Farmers welcome foreign investor land tax reversal
FARMERS are cheering the State Government’s decision to ditch its plan to introduce a foreign investor land tax surcharge.
The Government on Wednesday announced it would not proceed with its policy on the back of feedback from Tasmania’s peak agricultural body and other stakeholders.
Treasurer Peter Gutwein said the 2019-20 Budget did not include an estimate of potential revenue from the proposed tax, so there would be no shortfall in Budget estimates.
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The Tasmanian Farmers and Graziers Association said the decision was “strongly welcomed and supported”.
“The Treasurer is to be commended for not only genuinely engaging with stakeholders but listening and acknowledging the issues raised,” TFGA chief Peter Skillern said.
“In many ways, this sets the standard for how Governments should develop policy in a well-informed and thoughtful manner.
“The TFGA is proud to have advocated strongly for this result and the changes surrounding the definition of a ‘foreign person’. It is through the peak farming body in this state that we ensure that agriculture in Tasmania remains competitive and innovative.”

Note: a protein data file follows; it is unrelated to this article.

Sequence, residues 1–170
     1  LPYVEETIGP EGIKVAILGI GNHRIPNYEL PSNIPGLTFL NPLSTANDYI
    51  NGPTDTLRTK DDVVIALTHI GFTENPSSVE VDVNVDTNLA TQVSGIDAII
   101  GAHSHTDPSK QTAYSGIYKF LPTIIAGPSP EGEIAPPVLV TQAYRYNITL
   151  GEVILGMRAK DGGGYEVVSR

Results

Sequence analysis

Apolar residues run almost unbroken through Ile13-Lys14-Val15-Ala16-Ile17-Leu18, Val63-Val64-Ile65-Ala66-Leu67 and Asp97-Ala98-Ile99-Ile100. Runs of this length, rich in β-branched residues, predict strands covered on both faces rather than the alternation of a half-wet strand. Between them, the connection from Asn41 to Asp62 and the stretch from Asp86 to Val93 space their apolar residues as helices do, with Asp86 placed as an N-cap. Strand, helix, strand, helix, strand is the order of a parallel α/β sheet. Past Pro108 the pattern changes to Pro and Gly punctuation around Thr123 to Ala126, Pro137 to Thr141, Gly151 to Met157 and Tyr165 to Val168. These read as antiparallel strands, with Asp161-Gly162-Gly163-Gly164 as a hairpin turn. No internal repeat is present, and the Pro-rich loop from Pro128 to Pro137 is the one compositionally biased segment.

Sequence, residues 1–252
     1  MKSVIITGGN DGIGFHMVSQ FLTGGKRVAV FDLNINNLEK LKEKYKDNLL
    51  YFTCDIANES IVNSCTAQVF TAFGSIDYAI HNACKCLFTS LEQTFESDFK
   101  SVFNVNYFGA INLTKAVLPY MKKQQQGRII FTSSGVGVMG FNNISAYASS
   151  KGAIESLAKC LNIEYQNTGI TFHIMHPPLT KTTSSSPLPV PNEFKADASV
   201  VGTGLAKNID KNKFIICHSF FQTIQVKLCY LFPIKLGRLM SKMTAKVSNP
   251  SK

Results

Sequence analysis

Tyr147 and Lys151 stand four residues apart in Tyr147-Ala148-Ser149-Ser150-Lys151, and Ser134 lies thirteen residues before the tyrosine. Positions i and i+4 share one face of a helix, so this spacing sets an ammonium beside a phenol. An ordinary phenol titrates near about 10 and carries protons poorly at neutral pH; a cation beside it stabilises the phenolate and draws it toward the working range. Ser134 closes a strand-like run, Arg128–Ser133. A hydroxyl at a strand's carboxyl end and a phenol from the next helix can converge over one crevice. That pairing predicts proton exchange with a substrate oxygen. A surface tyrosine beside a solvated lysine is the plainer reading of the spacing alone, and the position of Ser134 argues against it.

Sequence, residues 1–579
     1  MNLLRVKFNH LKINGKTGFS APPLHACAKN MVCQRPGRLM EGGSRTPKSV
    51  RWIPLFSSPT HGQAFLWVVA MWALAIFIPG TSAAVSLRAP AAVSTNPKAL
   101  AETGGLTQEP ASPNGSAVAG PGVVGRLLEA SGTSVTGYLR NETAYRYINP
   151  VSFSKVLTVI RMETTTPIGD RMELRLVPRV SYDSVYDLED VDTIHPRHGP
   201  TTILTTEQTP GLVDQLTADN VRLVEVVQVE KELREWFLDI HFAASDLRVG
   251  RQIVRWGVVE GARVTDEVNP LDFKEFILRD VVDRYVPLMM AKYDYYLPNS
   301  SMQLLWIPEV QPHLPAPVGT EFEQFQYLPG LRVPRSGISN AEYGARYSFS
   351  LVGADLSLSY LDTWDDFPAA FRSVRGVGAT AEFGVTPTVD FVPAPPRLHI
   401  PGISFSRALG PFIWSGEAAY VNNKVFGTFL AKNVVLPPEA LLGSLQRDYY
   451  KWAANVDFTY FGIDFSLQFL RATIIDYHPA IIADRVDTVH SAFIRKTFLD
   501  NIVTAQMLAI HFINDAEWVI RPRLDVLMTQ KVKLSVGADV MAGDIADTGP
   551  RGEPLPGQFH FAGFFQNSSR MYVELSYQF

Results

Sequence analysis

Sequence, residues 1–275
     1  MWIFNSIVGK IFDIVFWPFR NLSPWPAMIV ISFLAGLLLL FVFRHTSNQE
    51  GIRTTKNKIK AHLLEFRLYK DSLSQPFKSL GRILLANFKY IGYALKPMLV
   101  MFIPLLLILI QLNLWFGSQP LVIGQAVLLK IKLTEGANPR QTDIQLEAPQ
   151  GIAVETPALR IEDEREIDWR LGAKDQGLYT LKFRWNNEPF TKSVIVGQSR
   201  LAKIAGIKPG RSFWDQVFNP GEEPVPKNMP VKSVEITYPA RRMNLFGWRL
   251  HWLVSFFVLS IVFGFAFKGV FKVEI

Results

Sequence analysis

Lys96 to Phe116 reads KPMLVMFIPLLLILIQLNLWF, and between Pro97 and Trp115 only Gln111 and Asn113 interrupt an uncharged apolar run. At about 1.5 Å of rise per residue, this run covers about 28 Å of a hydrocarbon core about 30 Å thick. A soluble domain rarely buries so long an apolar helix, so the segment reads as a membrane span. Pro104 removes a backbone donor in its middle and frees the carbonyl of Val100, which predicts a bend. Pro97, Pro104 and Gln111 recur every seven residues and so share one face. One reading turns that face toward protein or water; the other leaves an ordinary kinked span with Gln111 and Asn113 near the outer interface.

Legislation will be introduced in the current session of Parliament to ensure the definition of a “foreign person” remains consistent with the Government’s original policy intent, Mr Gutwein said.
The rate of the Foreign Investor Duty Surcharge on the purchase of residential property would rise, however, from the 7 per cent announced in the Budget to 8 per cent. That increase will bring Tasmania in line with Victoria and NSW.
The increase in the surcharge on the purchase of primary production land will remain at the same level (1.5 per cent) as announced in the 2019-20 State Budget.
Labor MP Shane Broad said the proposed land tax surcharge would have served as an attack on regional jobs.
“It has taken consistent advocacy from Labor and the farming community to convince the Government to abandon its plans,” Dr Broad said. “Just a few weeks ago in Parliament, the Premier, Will Hodgman, backed the tax to the hilt.”